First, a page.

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Inside & Out | A HELPING HAND

There's No Need to Get Abrasive

November 09, 1996|JOHN MORELL | SPECIAL TO THE TIMES

Q. I'm having a hard time cleaning my glass shower door. Hard-water stains have built up on the glass, and although I've tried both bleach and lime remover, it doesn't get completely clean. Any ideas?

L.E.

Garden Grove

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A. The first thing to do is stop using abrasive cleaners such as lime removers, bleach and window cleaners with ammonia, says Katy Jackson of Maley's Glass in Anaheim. These can damage your shower frame, especially if it's made of anodized aluminum and/or plastic.

Most glass shops carry specialized products for removing scale and deposits that aren't harmful to shower frames. A good tip is to keep a squeegee inside the shower and, after each shower, wipe the glass off to prevent deposits from building up.

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Q. I'm interested in wallpapering the ceiling of my dining room, but is there a way to do it without breaking my back and making the patterns run crooked?

L.L.

Costa Mesa

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A. The first thing to do is apply a wallpaper sealer to the surface of the ceiling, says Gene Teramura of Dutch Boy Home Decorating Center in Santa Ana. This will give the paper a better surface to stick on, which is especially helpful when putting paper on the ceiling.

If the paper has a pattern, ideally you want it to run in line with your eyesight as you walk into the room, rather than crossing. Otherwise, apply wallpaper to the ceiling as you would to the wall.

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Q. I have a 13-year-old furnace/air conditioning unit on the roof of my house, and when I turned the furnace on for the first time last week, nothing happened. The thermostat clicked, but the fan never turned on. However, when I turned the fan switch on the thermostat from auto to on, the fan did blow warm air. Is this a problem with the thermostat or up in the unit?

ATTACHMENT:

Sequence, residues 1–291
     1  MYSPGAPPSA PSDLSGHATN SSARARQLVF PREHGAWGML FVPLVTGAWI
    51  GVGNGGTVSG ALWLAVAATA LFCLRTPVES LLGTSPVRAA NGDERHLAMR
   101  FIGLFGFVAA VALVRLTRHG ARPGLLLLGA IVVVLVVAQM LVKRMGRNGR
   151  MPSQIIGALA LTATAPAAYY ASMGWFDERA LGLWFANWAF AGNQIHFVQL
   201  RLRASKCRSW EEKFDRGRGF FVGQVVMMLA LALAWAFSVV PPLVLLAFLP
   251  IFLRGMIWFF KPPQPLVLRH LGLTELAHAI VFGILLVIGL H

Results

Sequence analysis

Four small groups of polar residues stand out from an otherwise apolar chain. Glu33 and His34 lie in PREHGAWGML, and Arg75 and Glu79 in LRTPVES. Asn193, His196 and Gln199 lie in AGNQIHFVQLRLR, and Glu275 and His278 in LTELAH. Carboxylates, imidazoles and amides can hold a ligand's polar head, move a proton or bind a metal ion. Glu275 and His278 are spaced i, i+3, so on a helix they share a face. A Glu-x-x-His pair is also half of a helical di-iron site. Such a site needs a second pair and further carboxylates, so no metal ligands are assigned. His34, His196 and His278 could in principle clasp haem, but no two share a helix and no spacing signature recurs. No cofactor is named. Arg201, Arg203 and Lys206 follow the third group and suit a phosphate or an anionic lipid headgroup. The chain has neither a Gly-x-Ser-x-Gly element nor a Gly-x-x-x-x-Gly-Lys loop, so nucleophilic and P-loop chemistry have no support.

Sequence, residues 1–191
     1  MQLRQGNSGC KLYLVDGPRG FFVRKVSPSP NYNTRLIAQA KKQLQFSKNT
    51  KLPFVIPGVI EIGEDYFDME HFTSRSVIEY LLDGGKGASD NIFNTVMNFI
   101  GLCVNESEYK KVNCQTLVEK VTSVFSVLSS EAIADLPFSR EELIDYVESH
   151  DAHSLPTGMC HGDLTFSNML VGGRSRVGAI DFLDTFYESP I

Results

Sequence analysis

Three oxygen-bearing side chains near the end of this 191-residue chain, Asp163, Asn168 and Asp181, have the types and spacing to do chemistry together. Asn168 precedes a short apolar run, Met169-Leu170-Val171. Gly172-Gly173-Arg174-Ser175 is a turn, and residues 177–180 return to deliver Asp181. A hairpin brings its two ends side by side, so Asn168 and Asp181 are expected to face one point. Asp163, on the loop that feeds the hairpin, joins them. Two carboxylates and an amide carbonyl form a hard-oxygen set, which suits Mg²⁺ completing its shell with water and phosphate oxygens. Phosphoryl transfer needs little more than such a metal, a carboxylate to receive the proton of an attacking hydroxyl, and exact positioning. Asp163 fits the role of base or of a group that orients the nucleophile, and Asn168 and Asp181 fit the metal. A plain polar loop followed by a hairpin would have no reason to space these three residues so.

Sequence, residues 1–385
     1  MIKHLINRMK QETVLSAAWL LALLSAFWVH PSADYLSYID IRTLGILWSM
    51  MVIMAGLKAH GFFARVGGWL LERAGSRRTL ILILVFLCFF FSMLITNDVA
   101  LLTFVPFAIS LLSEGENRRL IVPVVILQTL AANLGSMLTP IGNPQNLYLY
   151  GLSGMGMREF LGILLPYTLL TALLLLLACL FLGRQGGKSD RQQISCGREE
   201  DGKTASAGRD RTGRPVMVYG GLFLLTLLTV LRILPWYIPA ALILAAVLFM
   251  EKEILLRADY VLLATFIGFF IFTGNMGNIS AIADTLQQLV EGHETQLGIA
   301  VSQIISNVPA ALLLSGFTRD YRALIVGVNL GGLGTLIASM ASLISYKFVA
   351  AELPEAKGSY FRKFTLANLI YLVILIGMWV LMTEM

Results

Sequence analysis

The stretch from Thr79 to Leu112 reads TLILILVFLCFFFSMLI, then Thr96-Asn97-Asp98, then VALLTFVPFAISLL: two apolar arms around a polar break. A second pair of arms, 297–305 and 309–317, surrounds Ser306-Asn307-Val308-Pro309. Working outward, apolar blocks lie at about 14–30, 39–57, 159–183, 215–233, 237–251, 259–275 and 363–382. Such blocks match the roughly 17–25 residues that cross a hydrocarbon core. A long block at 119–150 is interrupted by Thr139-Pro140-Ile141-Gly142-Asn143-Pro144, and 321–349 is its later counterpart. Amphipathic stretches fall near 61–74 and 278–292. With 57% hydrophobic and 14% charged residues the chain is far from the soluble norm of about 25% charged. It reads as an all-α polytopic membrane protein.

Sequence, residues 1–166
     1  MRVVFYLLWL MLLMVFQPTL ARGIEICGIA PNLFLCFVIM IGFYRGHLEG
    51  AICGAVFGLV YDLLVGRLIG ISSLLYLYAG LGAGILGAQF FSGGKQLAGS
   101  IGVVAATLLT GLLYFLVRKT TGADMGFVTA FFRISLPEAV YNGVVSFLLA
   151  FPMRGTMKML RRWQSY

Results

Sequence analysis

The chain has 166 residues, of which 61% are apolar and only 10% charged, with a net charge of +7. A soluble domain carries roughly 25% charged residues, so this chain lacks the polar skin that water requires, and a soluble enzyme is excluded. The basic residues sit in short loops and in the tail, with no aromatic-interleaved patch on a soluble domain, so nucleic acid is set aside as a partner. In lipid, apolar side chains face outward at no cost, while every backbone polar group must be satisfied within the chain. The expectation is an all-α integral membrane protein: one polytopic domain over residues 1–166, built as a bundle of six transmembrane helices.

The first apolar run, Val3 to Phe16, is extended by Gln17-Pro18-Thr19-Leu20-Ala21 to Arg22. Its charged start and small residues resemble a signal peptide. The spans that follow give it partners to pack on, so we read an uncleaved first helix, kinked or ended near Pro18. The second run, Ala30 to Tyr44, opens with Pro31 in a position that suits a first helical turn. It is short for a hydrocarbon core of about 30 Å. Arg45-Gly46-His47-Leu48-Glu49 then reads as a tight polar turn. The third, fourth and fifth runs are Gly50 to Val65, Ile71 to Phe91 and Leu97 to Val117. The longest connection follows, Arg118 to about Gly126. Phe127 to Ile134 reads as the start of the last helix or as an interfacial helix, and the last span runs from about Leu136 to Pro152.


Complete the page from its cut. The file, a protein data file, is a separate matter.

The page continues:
E.D.

Fullerton

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A. With this type of unit, which combines the air conditioner and furnace, there may be a problem in the fan, says Tom Houlihan of Orange County Appliance Parts in Garden Grove.

There's a heat-actuated sensor in the furnace unit that causes it to delay until the furnace is heated up. This prevents the cool air from running through the house while the furnace heats up. If the fan isn't coming on in the automatic mode, check the fan switch in the unit to make sure it's running properly.

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Q. We have a screened-in patio in our backyard that we'd like to use during the cool mornings we're having. I'd like to put in some type of heater. Are propane or gas heaters efficient?

B.B.

Tustin

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A. Because of the clearances required, you shouldn't use a gas-powered heater in an enclosed space such as a screened-in patio, says Peter Eichelberg of Yorba Linda Patio & Hearth. There are many electric radiant heaters on the market that you can move from one space to another, and they're probably your best bet.

Depending on the construction of your patio, it may be possible to install a wood-burning stove, which might look better than two or three space heaters.

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Q. When you open the door to our bathroom, the toilet is behind the door, and next to the toilet is a large vanity. We're thinking of replacing the vanity with a pedestal sink and then turning the toilet so that it faces the sink. How big a job is this?

T.I.

Huntington Beach

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A If your pipes are in the right place, you won't have to get into the wall and move them, says Ron Albright of Albright Plumbing & Heating Supply in Los Alamitos.

You'll want hot and cold pipes not only to be functional but also to look good, because they'll be exposed without a vanity. You can move the toilet but not much. City building codes specify how far the toilet can be from the waste line, and you'll need to comply with them.

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